Interrupted sleep: Did you know that bruxism is actually classified as a sleep disorder? This is because it often disrupts restful sleep. Waking up multiple times at night can be hard on the body, brain, and emotions!

Behavioral issues: This can go hand in hand with less sleep, since a lack of quality sleep in children can cause behavioral problems. In fact, clinical studies have demonstrated an association between bruxism and anxiety, stress, and depression in those who suffer from it.

Jaw pain, headaches, and other body aches: Children and adult alike may find themselves dealing with headaches, ear aches, jaw pain, and even damaged teeth due to prolonged teeth grinding. This can take a toll and really impact the overall quality of life if not treated.

Prevention and treatment for teeth grinding in children

If you suspect or confirm teeth grinding in your child, your first step should be to contact Children’s Dental Center. Our doctors will be able to conduct a thorough examination of your child’s teeth and determine if the grinding is causing any damage. If there is no damage present, it is likely no further treatment will be recommended, especially since most children do outgrow bruxism naturally.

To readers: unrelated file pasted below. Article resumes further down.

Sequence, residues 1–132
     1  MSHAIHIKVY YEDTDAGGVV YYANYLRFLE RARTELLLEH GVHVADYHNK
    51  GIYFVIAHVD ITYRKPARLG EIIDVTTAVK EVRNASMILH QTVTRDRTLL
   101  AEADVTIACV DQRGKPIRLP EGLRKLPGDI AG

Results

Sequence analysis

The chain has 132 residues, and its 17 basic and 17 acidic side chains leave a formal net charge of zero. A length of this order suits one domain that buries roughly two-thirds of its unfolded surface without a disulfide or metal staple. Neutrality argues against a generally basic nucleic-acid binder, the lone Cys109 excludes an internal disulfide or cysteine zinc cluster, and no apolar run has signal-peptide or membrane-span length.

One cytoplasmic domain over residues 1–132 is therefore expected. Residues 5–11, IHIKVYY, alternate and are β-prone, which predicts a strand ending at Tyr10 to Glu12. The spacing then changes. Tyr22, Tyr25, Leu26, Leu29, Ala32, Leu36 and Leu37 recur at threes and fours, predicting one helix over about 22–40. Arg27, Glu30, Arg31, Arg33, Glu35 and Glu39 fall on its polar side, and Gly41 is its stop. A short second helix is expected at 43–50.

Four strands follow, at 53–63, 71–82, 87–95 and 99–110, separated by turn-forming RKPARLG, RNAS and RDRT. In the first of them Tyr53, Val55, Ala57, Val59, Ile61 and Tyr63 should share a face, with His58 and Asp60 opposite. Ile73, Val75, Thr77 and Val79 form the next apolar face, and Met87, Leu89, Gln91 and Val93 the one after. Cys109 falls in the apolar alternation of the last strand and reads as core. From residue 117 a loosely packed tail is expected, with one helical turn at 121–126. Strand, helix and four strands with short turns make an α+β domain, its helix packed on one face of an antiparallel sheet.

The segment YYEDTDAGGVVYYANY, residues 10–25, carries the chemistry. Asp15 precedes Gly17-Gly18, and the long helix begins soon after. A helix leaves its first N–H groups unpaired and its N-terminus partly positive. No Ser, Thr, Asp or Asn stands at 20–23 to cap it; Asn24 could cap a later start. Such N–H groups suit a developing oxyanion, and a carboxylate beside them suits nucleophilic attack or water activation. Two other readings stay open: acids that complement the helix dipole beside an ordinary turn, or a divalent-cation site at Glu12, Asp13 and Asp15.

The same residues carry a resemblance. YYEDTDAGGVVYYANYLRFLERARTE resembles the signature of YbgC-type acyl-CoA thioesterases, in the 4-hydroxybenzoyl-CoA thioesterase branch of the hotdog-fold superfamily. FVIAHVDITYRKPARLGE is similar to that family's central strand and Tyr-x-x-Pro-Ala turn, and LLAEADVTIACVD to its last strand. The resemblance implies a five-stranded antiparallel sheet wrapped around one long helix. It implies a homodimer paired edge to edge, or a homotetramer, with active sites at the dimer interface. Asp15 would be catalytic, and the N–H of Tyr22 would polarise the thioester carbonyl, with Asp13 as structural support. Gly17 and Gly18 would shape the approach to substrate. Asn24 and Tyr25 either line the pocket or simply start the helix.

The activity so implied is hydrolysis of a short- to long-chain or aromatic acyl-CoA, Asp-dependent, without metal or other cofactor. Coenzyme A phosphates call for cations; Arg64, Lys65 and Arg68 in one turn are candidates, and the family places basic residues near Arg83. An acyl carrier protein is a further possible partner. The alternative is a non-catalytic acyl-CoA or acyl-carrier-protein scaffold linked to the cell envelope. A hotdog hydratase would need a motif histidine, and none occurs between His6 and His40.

If we do notice any problems related to teeth grinding, we will be able to provide you with several options for helping to reduce the amount of grinding, as well as prevent any further damage and treat any damage already present. This will generally involve treating any obvious underlying causes, such as reducing stress and anxiety, along with more proactive treatment, such as a special night guard made specifically for your child’s teeth.

CDC Staff

Protecting your child’s teeth with Children’s Dental Center

If you are in Memphis or the surrounding area and struggling to get a good night’s sleep due to your child’s teeth grinding, our talented team can help you both rest better and smile brighter! We have years of experience treating children in the Mid-South, and with three conveniently located offices to choose from, we are never too far from where you are. Get in touch with us today to find out more about how we protect your child’s smile from the effects of teeth grinding.